Boric reveals motivation for move to Japan

MARC HINTON
Last updated 05:00 04/04/2013
Anthony Boric
JASON OXENHAM/Fairfax NZ
FINAL FAREWELL: The Blues game against the French could be Anthony Boric's last at North Harbour Stadium.

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Blues lock Anthony Boric finally unburdened himself with some brutal honesty as he reflected on his decision to turn his back on the black jersey and take up a two-year deal in Japan.

Yes, it's all about the money, Boric told an assembled media posse at Blues training yesterday. That, and the spectre of a brush with a career-ending injury.

Boric confirmed a day earlier that he was heading to the Mitsubishi Dynaboars in Japan at the end of the Super Rugby season, a deal he denied having committed to just weeks ago when questioned by Fairfax Media, but which he yesterday confirmed he'd been presented with at the end of last year.

The 29-year-old All Black World Cup-winner said it had not been an easy decision, but one in the end he felt compelled to make after having nearly a year out of the game dealing with a serious neck injury.

"Money's a big factor, and like a lot of other guys, like [Richard] Kahui obviously, the neck injury changed my perspective on rugby a lot. This time last year I was potentially not going to play rugby ever again, and that was probably a big driving force behind it."

Boric was not revealing the dollars on offer, but said it was "a level up from here". He also felt that money was "the big driver for a lot of players" who are heading to Japan in their droves.

This year Kahui, Lelia Masaga, Ben May, Stephen Donald, Adam Thomson and now Boric have all confirmed moves to Japan, while since the last World Cup All Blacks Isaia Toeava, Sonny Bill Williams, Jerome Kaino, Ma'a Nonu, Brad Thorn and Mils Muliaina have all logged time there.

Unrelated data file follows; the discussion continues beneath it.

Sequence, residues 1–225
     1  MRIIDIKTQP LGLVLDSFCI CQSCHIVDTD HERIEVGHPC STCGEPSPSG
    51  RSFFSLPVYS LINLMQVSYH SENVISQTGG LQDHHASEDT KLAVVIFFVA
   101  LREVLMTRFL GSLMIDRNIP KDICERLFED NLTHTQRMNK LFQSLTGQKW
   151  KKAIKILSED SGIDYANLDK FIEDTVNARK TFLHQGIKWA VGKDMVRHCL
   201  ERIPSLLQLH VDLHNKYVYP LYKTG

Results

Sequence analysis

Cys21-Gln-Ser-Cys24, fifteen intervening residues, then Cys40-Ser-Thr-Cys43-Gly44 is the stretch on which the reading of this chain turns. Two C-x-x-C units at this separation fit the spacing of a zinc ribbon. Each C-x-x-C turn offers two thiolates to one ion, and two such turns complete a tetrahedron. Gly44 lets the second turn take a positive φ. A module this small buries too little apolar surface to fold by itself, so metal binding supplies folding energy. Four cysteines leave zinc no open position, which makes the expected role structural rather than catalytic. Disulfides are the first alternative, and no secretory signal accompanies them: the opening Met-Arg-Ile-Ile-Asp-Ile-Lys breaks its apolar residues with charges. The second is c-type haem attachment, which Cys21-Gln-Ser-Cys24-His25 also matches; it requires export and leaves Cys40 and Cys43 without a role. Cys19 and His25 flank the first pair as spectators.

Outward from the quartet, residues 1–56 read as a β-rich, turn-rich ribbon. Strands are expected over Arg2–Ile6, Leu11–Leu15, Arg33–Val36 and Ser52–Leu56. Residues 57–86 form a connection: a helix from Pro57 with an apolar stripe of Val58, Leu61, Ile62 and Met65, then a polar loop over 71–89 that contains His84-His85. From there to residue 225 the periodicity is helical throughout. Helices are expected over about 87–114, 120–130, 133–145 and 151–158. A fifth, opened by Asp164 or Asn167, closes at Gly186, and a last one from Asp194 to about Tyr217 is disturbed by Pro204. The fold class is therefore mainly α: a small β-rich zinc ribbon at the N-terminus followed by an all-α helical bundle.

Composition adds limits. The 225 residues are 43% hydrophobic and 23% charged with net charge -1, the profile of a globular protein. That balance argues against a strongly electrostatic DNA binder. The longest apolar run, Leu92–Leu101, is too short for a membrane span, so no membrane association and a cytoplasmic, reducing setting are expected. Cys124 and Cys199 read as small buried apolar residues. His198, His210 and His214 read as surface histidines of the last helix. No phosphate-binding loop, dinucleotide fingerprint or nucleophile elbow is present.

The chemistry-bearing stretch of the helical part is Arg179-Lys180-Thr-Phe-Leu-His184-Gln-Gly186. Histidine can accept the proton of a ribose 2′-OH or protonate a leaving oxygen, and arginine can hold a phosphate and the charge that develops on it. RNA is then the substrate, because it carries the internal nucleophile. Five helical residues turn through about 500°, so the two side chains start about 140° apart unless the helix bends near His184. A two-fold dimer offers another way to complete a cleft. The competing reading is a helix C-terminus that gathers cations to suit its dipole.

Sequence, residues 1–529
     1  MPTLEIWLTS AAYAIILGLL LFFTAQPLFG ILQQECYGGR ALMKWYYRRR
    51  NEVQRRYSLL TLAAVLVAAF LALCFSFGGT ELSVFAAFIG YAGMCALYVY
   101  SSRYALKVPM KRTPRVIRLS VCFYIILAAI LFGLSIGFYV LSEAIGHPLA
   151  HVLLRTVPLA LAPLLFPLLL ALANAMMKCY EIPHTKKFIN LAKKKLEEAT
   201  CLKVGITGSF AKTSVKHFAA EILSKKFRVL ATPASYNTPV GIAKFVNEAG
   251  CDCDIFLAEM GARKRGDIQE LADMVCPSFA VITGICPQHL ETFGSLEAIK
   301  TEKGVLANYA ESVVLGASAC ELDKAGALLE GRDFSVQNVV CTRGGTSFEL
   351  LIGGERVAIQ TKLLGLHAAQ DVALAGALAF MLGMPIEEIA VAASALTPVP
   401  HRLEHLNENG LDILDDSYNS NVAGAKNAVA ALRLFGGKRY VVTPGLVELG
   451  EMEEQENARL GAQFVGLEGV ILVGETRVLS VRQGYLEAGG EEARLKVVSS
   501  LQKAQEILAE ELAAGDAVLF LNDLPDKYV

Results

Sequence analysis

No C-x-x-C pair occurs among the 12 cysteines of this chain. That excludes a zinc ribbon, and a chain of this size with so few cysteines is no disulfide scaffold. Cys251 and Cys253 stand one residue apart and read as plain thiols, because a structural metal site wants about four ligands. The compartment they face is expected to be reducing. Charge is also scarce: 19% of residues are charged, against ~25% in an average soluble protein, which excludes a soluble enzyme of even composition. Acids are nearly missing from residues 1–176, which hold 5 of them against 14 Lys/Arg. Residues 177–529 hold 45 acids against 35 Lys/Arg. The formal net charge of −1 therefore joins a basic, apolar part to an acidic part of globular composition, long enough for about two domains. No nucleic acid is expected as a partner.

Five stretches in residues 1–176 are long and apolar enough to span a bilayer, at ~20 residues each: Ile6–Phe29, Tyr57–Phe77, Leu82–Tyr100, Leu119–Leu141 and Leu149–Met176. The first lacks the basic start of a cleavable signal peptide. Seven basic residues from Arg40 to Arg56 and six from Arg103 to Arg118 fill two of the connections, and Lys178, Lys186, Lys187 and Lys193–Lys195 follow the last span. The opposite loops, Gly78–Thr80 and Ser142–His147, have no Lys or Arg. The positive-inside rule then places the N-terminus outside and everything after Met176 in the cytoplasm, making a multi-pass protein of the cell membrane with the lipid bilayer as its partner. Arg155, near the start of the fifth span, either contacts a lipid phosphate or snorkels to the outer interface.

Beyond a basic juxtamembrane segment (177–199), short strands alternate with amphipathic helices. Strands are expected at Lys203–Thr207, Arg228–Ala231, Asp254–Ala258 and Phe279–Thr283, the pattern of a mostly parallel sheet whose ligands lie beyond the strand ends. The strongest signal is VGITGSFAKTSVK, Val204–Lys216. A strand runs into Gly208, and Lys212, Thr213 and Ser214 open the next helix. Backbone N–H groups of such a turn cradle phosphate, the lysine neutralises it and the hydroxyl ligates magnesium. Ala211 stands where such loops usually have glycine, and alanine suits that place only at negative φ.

Boric, who's played 24 tests and made 63 appearances for the Blues, also hoped his time in Japan could prolong his career, and possibly even enable him to take one more shot at the black jersey.

"I'm not saying it's not going to be hard footy, but physicality wise it might extend my career and who knows I could hopefully be back here in a couple of years, all going well."

Asked if money was the No 1 factor in his move, Boric said: "You've got to make the most of it. It's a small window to take advantage of that and with injuries and things like that who knows what might happen."

The 2m tall North Harbour stalwart also revealed that All Blacks coach Steve Hansen had tried to talk him out of the move.

"We talked about it for a few weeks leading up to it.
"He wasn't too keen on me going, but supported my decision, and said hopefully we'll see you back in a couple of years."

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A shot at the 2015 World Cup would be the perfect scenario, admitted Boric, but he certainly wasn't banking on it.

"You've got to be realistic, a lot of coaches have spoken about players who head away and when they do come back they find it hard to slip back into the side. It would be a huge challenge but I'm certainly not writing it off."

Blues coach John Kirwan was disappointed about Boric's decision.

"Locks are like a good wine," said Kirwan yesterday. "He's 29. He's just starting to come into his own. That's disappointing but I understand fully. He's had a scary injury he's just come back from and he's reassessed life."

Kirwan, meanwhile, made two changes to his starting XV to face the winless Highlanders at Eden Park tomorrow night.

Jackson Willison replaces Francis Saili to get his first start at second-five while Tim Perry comes in at loosehead prop for Tom McCartney as the Blues look to halt a three-game losing streak. 

All Black hooker Keven Mealamu also returns from his early-season break via the bench.

Blues: Charles Piutau, Frank Halai, Rene Ranger, Jackson Willison, George Moala, Chris Noakes, Piri Weepu, Peter Saili, Luke Braid, Steven Luatua, Ali Williams (c), Culum Retallick, Angus Ta'avao, James Parsons, Tim Perry. Reserves: Keven Mealamu, Ofa Tu'ungafasi, Anthony Boric, Brendon O'Connor, Jamison Gibson-Park, Baden Kerr, Francis Saili.

- Fairfax Media

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